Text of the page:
Waking Sleeping Beauty (2009) Poster

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9/10
A look behind the scenes at the re-birth of Disney animation
Blockhead2216 September 2009
I was at a showing of this film at the Toronto International Film Festival last night followed by a short Q&A session with producers Don Hahn and Peter Schneider. Exclusively using archival footage, much of it home video quality, it tells the story of Disney animation between the years 1984 and 1994. This period started with the studios almost being closed down and ended with classic and successful animated films like 'Beauty and the Beast' and 'The Lion King'. As Don Hahn said last night "We are trained so well in the disciplines of animated films that we made another movie that is 82 minutes long and includes a laugh and a cry". The business side of the industry is examined, warts and all, while looking at the relationship between Roy Disney, Michael Eisner and Jeffrey Katzenburg, with Katzenburg probably coming off worst. Recent audio interview clips are used but the film has no 'talking heads' sequences. The film gives an insightful glimpse behind the scenes at Disney animation during this particular time period. We get to see a depressed looking Tim Burton working at a drawing board in the mid-eighties and at least two live action 'pies in the face', which must be a good thing. The bad news is that this will not be on general release until next April at the earliest. It will be shown at more film festivals this year and the producers did say last night that they will personally deliver and show the movie to appropriate interested groups in the early months of 2010 to try and create word of mouth publicity. Get your friends together and give them a call.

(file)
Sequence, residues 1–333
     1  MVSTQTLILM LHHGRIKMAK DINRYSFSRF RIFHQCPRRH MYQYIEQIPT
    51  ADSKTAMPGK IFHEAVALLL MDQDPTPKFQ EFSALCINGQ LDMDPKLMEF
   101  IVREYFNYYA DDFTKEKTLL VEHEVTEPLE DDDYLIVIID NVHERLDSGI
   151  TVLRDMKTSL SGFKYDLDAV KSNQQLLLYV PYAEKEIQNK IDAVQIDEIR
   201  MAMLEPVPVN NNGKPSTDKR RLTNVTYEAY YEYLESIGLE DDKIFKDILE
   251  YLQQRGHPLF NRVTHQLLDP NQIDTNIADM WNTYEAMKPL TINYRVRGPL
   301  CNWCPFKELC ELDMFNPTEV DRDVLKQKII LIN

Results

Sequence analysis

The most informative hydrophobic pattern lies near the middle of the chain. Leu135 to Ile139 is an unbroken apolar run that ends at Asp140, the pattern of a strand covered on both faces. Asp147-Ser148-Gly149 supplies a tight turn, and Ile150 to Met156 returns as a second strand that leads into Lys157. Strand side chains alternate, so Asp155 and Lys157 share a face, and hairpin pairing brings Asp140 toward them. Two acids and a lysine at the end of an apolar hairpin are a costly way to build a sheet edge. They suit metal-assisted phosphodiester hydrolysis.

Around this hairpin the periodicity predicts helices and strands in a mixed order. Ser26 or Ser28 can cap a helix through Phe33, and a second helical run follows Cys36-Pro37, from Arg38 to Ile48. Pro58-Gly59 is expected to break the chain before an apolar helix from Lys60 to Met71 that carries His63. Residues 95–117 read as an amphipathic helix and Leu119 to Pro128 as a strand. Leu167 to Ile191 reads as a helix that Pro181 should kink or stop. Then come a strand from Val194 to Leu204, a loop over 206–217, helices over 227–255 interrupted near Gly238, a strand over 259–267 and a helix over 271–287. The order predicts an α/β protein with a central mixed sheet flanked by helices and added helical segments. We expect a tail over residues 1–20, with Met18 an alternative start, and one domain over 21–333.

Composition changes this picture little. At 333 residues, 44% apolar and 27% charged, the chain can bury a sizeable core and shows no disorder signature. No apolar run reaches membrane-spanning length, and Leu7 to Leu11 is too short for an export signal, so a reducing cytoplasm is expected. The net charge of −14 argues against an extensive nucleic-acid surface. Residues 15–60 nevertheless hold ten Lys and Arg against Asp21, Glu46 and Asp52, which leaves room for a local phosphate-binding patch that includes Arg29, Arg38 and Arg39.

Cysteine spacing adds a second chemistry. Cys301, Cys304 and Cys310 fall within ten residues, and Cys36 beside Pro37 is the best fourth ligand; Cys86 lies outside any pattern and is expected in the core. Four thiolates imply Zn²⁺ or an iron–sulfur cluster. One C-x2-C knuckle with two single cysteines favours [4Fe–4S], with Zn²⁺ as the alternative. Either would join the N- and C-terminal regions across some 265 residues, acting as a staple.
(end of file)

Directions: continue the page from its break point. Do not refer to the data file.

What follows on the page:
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9/10
Educational and informative documentary about Disney's changing of the guard thru live action, computer graphics and studio heads.